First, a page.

Telemental Health Fills Rural Health Care Gap


One way rural communities are shoring up their health care options, given a notorious dearth of doctors of all stripes, is by turning to telehealth. With broadband spreading to Minnesota’s smallest towns and farms, it’s becoming possible for even the most remote patient to see, by camera and video monitor, a doctor hundreds of miles away.

Telehealth has been used for dermatology and endocrinology, among other specialties. But it works especially well for mental health care, say advocates, since counseling doesn’t require a physical examination. Telemental health also allows rural people to receive care in a hospital or general clinic, eliminating the stigma that comes with parking in front of a therapist’s office.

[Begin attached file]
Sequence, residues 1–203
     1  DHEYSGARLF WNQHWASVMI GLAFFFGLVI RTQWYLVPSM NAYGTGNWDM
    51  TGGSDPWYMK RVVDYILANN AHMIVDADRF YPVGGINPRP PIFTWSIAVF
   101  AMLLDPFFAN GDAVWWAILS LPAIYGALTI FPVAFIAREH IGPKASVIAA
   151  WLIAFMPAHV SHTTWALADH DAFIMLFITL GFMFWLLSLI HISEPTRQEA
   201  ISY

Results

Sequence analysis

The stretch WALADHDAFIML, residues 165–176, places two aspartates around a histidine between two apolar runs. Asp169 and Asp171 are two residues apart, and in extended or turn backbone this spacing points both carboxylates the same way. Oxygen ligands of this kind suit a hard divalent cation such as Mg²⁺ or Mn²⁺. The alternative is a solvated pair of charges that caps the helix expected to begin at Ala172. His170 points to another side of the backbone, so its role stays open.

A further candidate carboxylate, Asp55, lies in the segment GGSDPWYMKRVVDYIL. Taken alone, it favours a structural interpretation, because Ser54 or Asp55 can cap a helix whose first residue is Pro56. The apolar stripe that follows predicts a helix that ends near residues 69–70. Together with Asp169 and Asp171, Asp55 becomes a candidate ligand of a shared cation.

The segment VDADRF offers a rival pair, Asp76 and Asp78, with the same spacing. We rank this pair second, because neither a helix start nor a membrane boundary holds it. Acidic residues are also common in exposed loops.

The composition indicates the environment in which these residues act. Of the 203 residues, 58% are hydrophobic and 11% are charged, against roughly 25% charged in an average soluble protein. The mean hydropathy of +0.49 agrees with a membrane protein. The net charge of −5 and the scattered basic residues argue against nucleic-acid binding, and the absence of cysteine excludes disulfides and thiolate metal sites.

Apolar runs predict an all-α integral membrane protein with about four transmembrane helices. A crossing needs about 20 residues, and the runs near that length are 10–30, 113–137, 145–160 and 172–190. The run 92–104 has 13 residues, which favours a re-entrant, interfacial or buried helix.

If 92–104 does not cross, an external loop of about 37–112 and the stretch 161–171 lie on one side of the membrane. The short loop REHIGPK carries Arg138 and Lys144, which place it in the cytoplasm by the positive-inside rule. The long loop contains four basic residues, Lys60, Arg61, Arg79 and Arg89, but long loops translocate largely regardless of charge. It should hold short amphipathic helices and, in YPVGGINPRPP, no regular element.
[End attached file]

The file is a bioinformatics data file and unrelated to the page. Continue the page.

Often, when a patient sits before that camera for a session, the doctor they’re talking to is Jane Hovland, a nurse, licensed psychologist, and associate professor at the U of M Duluth. Rural people, says Hovland, who was raised in northern Minnesota, “are such a self reliant bunch.” When it comes to mental health, “We expect people to figure it out on their own.”

But the fact is, some can’t. The most common diagnosis Hovland makes is of major depression, followed by anxiety disorders.

Hovland notes that Minnesota has more psychologists than the national average. But they tend to practice in the city. “There are 13 counties without a single licensed psychologist,” she says. “It’s a matter of distribution.” That’s why doctors with the U’s telemental health program have seen 2,300 patients over the past five years.

“I had a client who would ride a bicycle in from the woods for telemental health appointments,” Hovland says, noting that because the U sees patients quickly, the no-show rate is very low. “We’re trying to show that this is a sustainable model,” she says.

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